As the weather starts to change and we move into fall, we will see Pumpkin Spice Everything. So many of us wait for pumpkin spice lattes to hit our Starbucks menu and order up one to enjoy in the slightly cooler Texas weather. But I’m here to tell you that there are so many more wonderful warm drinks to enjoy. San Antonio is a place to try a few hot beverages that hail from south of the border. South America and Central America have some amazing warm drinks to enjoy that you can add to your fall drink list, and we are lucky to live in a place where we can find the ingredients relatively easily, possibly order one at a local eatery, or, if you are lucky, try at a friend’s house.
Café de Olla—Literally, this is coffee made in a pot. Traditionally made in a clay pot, a modern twist is to make it in any pot on the stove. This is the type of coffee that your Mexican grandmother, or abuela, might make. That is, if you have a Mexican grandmother. It is a stronger coffee even though it does have quite a bit of sugar. Ingredients are simple enough: ground coffee, water, cinnamon sticks, and piloncillo. Piloncillo is unrefined sugar cane that is molded into a cone. It is often referred to as brown sugar, but it is not. Use a strainer over your coffee mug to catch all those coffee grounds and cinnamon sticks. Now you have a good Mexican cup of coffee to enjoy.
Champurrado—This is a special type of hot chocolate that is much thicker than traditional hot chocolate. The consistency is thick because it includes cornmeal and Mexican chocolate. It tends to clump, and you will need to use a hand whisk to get a smooth consistency. This is one of those drinks that is often served at special celebrations. Paired with a traditional Mexican sweet bread, like a concha, it might be served during Christmas festivities.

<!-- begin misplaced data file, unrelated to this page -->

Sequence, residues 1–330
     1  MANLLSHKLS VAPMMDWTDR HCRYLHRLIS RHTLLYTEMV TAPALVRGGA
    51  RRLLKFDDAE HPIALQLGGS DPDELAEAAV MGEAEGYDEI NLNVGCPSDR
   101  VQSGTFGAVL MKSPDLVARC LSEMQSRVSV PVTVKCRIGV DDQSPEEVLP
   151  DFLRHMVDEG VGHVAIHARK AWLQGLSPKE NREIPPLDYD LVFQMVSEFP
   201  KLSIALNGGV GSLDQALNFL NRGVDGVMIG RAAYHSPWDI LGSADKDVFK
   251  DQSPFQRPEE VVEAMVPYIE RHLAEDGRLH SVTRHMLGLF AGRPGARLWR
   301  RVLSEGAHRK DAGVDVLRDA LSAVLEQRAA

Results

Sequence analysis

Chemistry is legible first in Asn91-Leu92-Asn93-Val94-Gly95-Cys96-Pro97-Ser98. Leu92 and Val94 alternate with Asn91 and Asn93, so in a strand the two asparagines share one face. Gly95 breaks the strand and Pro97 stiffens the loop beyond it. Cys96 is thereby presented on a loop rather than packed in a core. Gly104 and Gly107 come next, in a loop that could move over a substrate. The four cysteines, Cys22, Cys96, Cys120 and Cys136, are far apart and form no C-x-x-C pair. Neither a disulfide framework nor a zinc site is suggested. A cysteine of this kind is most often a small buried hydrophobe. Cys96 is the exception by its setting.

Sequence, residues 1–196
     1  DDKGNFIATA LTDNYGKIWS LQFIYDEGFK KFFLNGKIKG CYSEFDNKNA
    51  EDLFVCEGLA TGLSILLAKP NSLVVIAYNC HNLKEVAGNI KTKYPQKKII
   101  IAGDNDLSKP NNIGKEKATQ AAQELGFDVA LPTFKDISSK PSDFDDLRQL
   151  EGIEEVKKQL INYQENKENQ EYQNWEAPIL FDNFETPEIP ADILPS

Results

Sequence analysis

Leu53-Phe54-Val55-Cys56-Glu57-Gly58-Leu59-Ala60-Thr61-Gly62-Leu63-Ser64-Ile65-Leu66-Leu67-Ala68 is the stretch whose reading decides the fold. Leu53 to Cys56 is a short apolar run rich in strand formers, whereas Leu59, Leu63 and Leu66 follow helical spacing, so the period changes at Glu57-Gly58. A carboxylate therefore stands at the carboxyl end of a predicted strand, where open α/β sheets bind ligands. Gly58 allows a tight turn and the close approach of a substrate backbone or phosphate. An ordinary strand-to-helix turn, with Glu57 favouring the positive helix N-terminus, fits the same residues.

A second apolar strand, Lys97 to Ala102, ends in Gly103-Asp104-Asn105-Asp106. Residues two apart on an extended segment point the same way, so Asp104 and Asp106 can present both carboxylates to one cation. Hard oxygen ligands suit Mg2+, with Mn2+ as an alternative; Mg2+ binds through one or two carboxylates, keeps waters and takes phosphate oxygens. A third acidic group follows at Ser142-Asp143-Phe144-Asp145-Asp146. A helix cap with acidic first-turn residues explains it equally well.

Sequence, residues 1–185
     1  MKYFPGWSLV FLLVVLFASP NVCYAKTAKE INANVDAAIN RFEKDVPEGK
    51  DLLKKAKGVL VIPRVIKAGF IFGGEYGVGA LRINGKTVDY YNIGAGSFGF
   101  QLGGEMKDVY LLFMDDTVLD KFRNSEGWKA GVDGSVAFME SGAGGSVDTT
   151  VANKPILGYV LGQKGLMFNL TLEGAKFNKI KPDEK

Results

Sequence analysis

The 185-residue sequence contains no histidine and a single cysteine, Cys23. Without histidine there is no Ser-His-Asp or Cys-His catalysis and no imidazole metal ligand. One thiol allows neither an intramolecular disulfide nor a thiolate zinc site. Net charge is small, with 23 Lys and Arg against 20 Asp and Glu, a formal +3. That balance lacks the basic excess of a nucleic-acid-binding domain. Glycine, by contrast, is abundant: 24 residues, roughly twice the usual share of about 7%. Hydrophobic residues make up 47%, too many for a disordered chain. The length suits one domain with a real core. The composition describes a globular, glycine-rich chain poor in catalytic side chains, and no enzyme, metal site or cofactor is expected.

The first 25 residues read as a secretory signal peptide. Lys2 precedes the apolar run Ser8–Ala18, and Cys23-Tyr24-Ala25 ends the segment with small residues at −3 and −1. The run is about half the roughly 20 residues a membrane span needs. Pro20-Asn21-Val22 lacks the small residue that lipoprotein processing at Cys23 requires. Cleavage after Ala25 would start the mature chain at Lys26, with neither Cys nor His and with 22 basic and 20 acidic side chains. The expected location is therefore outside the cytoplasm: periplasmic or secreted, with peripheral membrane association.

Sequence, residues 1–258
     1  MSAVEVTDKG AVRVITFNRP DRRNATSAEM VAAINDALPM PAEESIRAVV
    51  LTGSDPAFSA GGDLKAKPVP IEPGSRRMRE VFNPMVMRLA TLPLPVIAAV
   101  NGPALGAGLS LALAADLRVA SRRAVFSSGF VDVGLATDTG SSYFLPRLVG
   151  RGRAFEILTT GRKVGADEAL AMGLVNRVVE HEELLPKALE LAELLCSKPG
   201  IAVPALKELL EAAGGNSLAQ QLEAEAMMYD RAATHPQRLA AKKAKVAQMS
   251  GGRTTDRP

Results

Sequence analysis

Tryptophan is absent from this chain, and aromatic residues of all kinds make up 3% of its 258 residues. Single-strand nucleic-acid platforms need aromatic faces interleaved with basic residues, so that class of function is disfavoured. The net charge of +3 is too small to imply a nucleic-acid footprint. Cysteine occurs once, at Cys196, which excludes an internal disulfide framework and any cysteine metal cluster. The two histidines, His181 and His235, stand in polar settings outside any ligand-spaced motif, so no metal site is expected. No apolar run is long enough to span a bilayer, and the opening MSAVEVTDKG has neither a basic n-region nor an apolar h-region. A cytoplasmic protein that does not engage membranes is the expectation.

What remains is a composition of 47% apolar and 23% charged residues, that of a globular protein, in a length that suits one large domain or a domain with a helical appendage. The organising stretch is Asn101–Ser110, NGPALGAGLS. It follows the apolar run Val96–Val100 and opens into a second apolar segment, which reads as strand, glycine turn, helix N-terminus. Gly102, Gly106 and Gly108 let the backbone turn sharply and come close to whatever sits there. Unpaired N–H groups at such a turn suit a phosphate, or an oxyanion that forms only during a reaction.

Atole—This is a very common comfort drink in Mexico, served warm. It is corn-based and is often served at breakfast. However, it can be enjoyed at other times of the day as well. The ingredients include cornstarch, and if you can find cornstarch in a Latin market or a Hispanic aisle of your local grocery store, even better. Does it make a difference? It’s just a little more authentic. Again, a hand whisk will help keep the consistency smooth. Mexican vanilla and cinnamon sticks add to the flavor. There are a number of variations with ingredients like anise, chocolate, and even fruit puree.
Horchata—You may have had this rice drink served cold. In the summer months, it is often served over ice. However, in the cooler months, it can be served warm or hot. This is a rice drink that includes the sweetness of condensed milk and lots of cinnamon. It does take a little more preparation, as you have to let it sit overnight and a blender is required. Believe me, it is well worth the extra work.
Mexican Hot Chocolate—Hot chocolate is a comforting warm drink in the cooler months no matter how it is served. While there is nothing wrong with opening a package of hot cocoa mix and adding hot water and some marshmallows, Mexican hot chocolate takes it to a different level. You can kick up your hot chocolate a few notches just by adding some spices. Use a chocolate tablet and then add vanilla extract, chili powder, and, of course, cinnamon. To top it off, some people add a touch of cayenne pepper to add more depth to the taste. Delicious!
Ponche or Ponche Navideño—This is Mexican punch. The authentic recipe has ingredients that are not the easiest to find. But if you can get them, the ingredients will come together to make a delicious drink for the holiday season. You can bet that there are plenty of households in San Antonio serving a version of this beverage throughout the month of December. You can make an alcohol-free version or add in the rum. Ingredients include hibiscus flowers and cloves, piloncillo, cinnamon, and whatever fruit you want to add. It’s served hot and is a true taste of Christmas to many across Latin America.
The next time the weather drops ten degrees in San Antonio and you want to add to the slightly cooler ambiance, be adventurous and try one of these recipes. Or just head to your local Mom and Pop Mexican restaurant and see what’s on the menu. You might find yourself at a Christmas party or holiday event where one of these drinks is served. Don’t shy away. You never know—it might take you beyond that pumpkin spice latte.